NEWS

5 Huge Mistakes Companies Make When Hiring
31.10.2017

1.Getting tied up by process

Having a process in place is essential for any hire and having a smooth one will positively impact your organisations reputation sending a great message to market even from unsuccessful candidates. When your processes become overly complex; a time-consuming form has to be filled in for each candidate and uploaded on a user-unfriendly portal, or a candidate is required to attended 15 rounds of interviews so that they can tick that box then something has gone wrong. Some recruitment processes now resemble mortgage applications with various documents required throughout and repetitive formalities completed seemingly for the sake of it. What employers often fail to consider in doing this is the reputational risk to the company.

2. Starting recruitment with big questions remaining.

Budget for the hire and stability of the job are the two big ones here. If you are interviewing at a late stage when you hear the client has cancelled the role because they haven’t gotten budgetary approval for it there is little justification and you will rightly be somewhat irritated. The process should usually not have started in the first place, if you don’t have the money to hire don’t hire. Worse yet, I can think of countless examples of candidates going through a process and being hired and then several months later being made redundant because the business was not in a strong enough financial position to keep them on. This does not just affect start-ups it is true for companies of all sizes. Starting a process when you have no idea of how viable the role will be in the short-medium term is reprehensible and often leaves great candidates with relatively short stints at companies that need to be explained or gaps in their CV to be hidden. There are always going to be exceptional circumstances where this can’t be helped but for the most part hiring managers in these organisations seldom give enough thought to the welfare of the new employee.

3. Ignoring market feedback

As a specialist legal recruiter, I partner with a range of clients in EMEA, I am often approached by organisations that have really struggled to hire either directly or through another recruiter and don’t know why. If a role has been on the market for a while especially if it has been out with several recruiters, it has likely gone “stale”. Potential candidates have already made up their mind about the role often through second-hand or miss-information. Understanding what the perception of your role is within the market is critical to hiring a strong candidate. If you ignore a partner telling you that the market view is you are looking for someone with an impossible skillset, or to hire someone on the cheap or that your team has a high staff turnover you do so at your peril. Without this information (even though it may be hard to hear or just plain wrong) you are never going to be able to address these issues, either by rectifying the problem if genuine or addressing it by conveying a new positive and coherent message if incorrect.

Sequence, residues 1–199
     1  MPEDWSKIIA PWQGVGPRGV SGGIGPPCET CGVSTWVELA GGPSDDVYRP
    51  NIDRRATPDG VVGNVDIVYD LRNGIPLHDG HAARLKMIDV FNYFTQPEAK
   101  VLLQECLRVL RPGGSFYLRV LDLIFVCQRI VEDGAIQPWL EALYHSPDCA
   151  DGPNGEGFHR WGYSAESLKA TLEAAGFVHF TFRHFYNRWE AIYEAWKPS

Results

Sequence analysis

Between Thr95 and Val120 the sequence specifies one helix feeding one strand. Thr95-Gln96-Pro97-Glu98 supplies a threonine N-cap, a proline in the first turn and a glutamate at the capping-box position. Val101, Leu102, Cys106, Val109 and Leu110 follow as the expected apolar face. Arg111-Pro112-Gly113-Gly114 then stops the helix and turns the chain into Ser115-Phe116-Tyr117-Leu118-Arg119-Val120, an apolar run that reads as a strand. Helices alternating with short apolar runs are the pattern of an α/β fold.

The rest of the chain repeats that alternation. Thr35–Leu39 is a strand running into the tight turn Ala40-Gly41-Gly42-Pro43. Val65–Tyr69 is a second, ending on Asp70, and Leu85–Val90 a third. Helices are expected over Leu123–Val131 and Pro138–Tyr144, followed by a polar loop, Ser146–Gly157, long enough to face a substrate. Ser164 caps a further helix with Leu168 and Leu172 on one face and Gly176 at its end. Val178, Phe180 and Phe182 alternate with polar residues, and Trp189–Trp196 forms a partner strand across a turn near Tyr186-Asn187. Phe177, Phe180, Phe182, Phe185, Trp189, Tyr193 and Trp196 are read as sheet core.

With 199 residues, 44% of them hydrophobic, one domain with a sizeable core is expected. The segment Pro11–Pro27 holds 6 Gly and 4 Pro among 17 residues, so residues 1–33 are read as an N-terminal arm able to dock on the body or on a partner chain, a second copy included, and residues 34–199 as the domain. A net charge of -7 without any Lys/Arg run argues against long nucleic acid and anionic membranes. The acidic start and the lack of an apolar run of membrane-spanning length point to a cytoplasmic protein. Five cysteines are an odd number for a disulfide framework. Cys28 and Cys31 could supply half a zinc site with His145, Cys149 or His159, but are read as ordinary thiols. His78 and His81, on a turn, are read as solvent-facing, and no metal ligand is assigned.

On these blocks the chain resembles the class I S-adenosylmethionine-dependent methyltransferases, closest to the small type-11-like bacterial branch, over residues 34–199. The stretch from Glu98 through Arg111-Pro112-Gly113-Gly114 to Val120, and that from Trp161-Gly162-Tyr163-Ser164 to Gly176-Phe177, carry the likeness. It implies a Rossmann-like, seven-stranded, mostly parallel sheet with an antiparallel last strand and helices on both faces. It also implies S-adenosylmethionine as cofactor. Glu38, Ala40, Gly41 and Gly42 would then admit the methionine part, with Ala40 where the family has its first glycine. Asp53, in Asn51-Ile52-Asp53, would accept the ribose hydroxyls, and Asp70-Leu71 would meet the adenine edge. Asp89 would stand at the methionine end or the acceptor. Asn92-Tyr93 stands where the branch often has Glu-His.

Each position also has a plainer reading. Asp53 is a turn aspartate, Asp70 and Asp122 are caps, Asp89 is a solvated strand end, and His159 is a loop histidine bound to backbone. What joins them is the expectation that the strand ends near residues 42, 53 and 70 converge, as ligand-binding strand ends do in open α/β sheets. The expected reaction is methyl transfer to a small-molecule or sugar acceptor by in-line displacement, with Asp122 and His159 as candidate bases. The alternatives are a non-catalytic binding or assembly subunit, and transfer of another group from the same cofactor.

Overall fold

4. Cost cutting

We have all seen the meme “if you think it’s expensive to hire a professional wait until you hire an amateur”. It is catchy and largely holds true. If you are looking for someone with in demand experience but can’t pay market rate consider alternate ways to cover the work. Low balling good candidates at the end of a long process is bad for you and them as a lot of time and effort will likely have been wasted and someone good will walk away with a negative impression of your business. The same goes for cost cutting with your service provider. Using a bad recruiter because they are cheap is not going to get you the person you want and worse it could confuse and damage your message to market making it harder to hire in future.

5. Endless delays

Time kills deals. If you have lots of holidays planned or a busy work schedule let your recruiter know. A lot can happen in a few weeks. The most in demand candidates do not stay on the market indefinitely. If you hesitate after you feel you have seen the right person you may lose that candidate. Radio silence during a process for a prolonged period or various unexplained delays are often taken as a bad sign by candidates and turn them off the process. Often candidates who are not active but have been headhunted for a new role start looking properly once you have gotten them into a promising process, these are some of the hardest people to lose because of a delay.

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